Kaya po sana, isinasaisip natin na spending time with your family as another way of serving your nation.

    These moments keep you whole and grounded and are the reasons why we do the things that we do. Ang atin pong mga pamilya ang pinaghuhugutan natin ng lakas sa pagharap sa lahat na panganib na kaakibat ng ating mga trabaho.

    I hope you don’t mind that I don’t talk about politics today. Siguro sawang-sawa na po kayo sa pulitika. But I wish to share my thoughts on something that is extremely important in our society: the principle that human security is the core of national security.

    The biggest war we need to fight is the war on poverty, and perhaps not unknown to many, you who serve in the Armed Forces and in law enforcement are also our country’s most effective soldiers in this silent and desperate war.

    People all over the world and Filipinos living on our islands have been accustomed to equating uniformed personnel with fear and distrust. During the Spanish period, it was the Guardia Civil who terrorized the country with violence and oppression. They were eventually replaced by American soldiers, who laid waste to our countryside.

    During World War 2, this fear was personified by images of Japanese Soldiers torturing and killing Filipinos. And finally, during martial law, when, as a normal citizen, one would walk on the streets and see a person in uniform and be stricken by fear.

    These days have passed. Now, in many very far-flung areas mired in suffering, yours are the first faces they see when calamity strikes. You guard democracy in the most dangerous and remote areas when you protect the integrity of ballot boxes during elections.

    The uniforms you wear, which used to symbolize strife and conflict, have now become a symbol of hope and strength to the average Filipino. And you do these, regardless of who is in power.

    This is the purest, most touching articulation of your commitment to serve the state from threats, both foreign and domestic, in whatever form, and that your allegiance is to the Constitution rather than to any person or administration.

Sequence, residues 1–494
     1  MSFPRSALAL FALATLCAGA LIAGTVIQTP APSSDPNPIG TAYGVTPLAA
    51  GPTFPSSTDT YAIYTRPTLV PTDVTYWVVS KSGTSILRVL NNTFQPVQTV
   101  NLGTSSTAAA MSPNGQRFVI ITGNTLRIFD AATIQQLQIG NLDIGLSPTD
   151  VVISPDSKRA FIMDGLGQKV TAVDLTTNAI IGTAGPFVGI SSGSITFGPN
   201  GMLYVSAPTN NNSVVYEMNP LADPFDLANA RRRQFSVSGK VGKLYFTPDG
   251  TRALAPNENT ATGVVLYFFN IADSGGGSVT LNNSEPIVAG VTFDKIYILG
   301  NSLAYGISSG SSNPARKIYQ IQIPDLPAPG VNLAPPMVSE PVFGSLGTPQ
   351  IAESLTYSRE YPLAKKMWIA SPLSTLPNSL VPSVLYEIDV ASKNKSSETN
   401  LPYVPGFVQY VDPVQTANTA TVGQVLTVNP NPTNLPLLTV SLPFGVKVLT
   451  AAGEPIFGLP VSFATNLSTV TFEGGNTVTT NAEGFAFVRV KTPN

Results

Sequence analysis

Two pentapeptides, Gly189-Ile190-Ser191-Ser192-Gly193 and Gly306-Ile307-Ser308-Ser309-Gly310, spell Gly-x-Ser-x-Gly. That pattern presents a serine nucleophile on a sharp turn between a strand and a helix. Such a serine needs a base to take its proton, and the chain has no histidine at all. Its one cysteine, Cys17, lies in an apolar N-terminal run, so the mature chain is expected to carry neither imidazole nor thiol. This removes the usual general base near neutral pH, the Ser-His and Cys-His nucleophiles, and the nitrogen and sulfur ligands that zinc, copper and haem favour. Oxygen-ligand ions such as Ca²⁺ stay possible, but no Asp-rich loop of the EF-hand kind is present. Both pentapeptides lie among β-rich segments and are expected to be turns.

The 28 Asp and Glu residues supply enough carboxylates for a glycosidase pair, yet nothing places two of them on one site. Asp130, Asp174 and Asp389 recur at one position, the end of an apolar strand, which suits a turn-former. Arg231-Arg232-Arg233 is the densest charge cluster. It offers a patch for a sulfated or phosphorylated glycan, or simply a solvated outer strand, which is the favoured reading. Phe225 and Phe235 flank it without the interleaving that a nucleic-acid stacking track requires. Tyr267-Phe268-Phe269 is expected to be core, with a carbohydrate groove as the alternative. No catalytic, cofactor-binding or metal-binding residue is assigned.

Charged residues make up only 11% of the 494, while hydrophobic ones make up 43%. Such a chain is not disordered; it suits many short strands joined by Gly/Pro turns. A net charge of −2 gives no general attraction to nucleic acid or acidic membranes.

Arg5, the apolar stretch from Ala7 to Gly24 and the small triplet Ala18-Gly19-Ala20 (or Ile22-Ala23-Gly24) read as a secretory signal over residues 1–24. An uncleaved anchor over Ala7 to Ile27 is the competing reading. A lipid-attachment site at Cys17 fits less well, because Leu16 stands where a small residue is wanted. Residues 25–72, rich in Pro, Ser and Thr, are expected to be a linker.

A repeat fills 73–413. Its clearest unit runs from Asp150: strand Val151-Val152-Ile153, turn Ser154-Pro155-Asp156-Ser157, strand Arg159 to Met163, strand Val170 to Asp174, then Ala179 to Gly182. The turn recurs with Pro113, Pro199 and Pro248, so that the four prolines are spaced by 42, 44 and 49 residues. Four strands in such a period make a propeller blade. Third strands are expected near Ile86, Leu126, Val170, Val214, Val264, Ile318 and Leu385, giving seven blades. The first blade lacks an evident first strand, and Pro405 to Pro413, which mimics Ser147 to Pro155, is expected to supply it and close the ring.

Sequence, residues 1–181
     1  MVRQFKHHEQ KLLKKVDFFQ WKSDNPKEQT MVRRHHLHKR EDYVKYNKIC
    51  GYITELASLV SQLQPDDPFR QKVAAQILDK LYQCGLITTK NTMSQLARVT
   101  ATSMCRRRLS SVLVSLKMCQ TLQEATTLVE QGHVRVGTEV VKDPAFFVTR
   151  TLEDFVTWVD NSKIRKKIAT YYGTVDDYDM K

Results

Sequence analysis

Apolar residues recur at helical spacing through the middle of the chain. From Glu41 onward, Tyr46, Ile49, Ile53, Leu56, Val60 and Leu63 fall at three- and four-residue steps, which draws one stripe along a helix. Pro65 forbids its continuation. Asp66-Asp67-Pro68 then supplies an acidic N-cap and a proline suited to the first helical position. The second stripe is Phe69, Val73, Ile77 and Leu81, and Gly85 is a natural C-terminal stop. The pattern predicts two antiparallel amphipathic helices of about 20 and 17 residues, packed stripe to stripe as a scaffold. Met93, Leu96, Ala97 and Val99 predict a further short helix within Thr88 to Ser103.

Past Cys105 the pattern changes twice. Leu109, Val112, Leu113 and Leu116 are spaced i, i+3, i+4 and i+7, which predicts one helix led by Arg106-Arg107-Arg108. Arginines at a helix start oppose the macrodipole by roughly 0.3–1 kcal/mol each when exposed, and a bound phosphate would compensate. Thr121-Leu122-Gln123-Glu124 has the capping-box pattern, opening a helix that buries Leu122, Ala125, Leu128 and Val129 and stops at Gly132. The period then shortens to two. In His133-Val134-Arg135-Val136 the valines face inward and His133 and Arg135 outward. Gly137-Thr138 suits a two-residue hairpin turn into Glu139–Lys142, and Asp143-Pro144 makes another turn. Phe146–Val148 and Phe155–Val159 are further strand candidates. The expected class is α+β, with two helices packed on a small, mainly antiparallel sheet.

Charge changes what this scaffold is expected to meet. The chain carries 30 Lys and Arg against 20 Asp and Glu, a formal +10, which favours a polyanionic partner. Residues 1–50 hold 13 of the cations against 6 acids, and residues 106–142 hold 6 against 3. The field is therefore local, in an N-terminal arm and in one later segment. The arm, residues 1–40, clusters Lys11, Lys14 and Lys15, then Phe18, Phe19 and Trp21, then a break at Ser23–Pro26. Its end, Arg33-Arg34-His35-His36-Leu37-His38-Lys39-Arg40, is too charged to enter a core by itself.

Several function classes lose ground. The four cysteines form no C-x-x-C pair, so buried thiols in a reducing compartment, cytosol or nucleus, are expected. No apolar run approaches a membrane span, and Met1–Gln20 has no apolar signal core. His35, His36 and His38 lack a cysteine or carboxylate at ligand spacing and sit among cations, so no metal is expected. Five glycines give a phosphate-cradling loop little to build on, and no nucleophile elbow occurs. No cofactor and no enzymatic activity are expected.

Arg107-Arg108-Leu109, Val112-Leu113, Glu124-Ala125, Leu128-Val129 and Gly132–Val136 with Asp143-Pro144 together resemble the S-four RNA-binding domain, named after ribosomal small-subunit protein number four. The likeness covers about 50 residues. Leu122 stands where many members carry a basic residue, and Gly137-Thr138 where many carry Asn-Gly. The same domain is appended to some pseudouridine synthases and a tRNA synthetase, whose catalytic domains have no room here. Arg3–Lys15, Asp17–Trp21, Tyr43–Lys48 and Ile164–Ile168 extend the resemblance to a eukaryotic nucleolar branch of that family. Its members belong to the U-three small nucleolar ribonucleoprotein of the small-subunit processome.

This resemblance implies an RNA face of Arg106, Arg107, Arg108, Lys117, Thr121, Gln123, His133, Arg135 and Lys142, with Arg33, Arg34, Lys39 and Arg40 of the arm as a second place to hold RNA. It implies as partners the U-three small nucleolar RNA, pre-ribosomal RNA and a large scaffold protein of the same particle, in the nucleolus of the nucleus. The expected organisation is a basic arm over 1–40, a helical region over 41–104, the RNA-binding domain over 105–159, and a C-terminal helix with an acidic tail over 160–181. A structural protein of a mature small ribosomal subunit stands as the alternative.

In fact, our efforts to fight poverty, create inclusive and sustained progress, is truly the most effective counter-insurgency measure. I know you’ve seen this on the ground right after you graduated from the Academy—that a community that is hungry, disillusioned, and left without hope, easily joins groups that threaten our human security.

    Because you’ve seen these and experienced these first-hand, you are in a unique position to understand deeply what it takes to defend our country and how to fight with weapons not limited to hard, kinetic power. And perhaps, this deep understanding is also why, you are willing to fight up to your last breath.

    Today, our society is besieged by non-traditional and hybrid security threats. Our world is increasingly volatile, uncertain, complex, and ambiguous. What these extraordinary times require are extraordinary ways to express long-held values of excellence, discipline, integrity, patriotism and self-less service…values you have learned at the Academy…values that those of you who will be awarded today have exhibited…and values that will continue to see us through the different forms of conflict we face as a nation.

    We all need to be more innovative if we are to continue to be centers of excellence, upgrading our skills so that we can keep on producing outstanding leaders. Having more females among your ranks may be a great way of adding new ways of thinking, and retooling in digital and cyber security to thwart national cyber attacks or terrorism are specific ways to respond to the challenges of our time.

    Hopefully, all of these will be done in the spirit of collaboration with other sectors of society. We are discovering that the things that change the world are the ones that we do together; like the cross pollination of ideas and operational power between your distinguished alumni with those who are still in the Academy, between those of you who are in active service and those who are retired, and among the uniformed sectors with the private sector.

    I know that you are all ready to kill and die in defense of our national security, but how much more preferable is it to end war fighting and instead focus on peace building and inclusive development? Together, the impossible can be possible.

    I am with you in this work. I have much admiration for your boots and black socks—yung mga medyas na nakasama ninyo mula pa noong kadete kayo. Iyong mga medyas na naging saksi ng mahahabang lakaran at mapapanganib na laban. Iyong mga medyas na isang linggo na, hindi pa nalalabhan, ay iyon din pala ang mga medyas na poprotekta sa inyo.

    Alam ko, na sa laban, paa ang nagdadala sa inyong mga hangarin. Ganoon din po sa akin at sa aking opisina. Kung kayo may black socks, kami po, may tsinelas. Iisa lang ang ang hangarin natin—ang magsilbing buong puso sa ating bayan.

    Maraming salamat po. Long live the long gray line!

    Posted in Speeches on Jan 28, 2017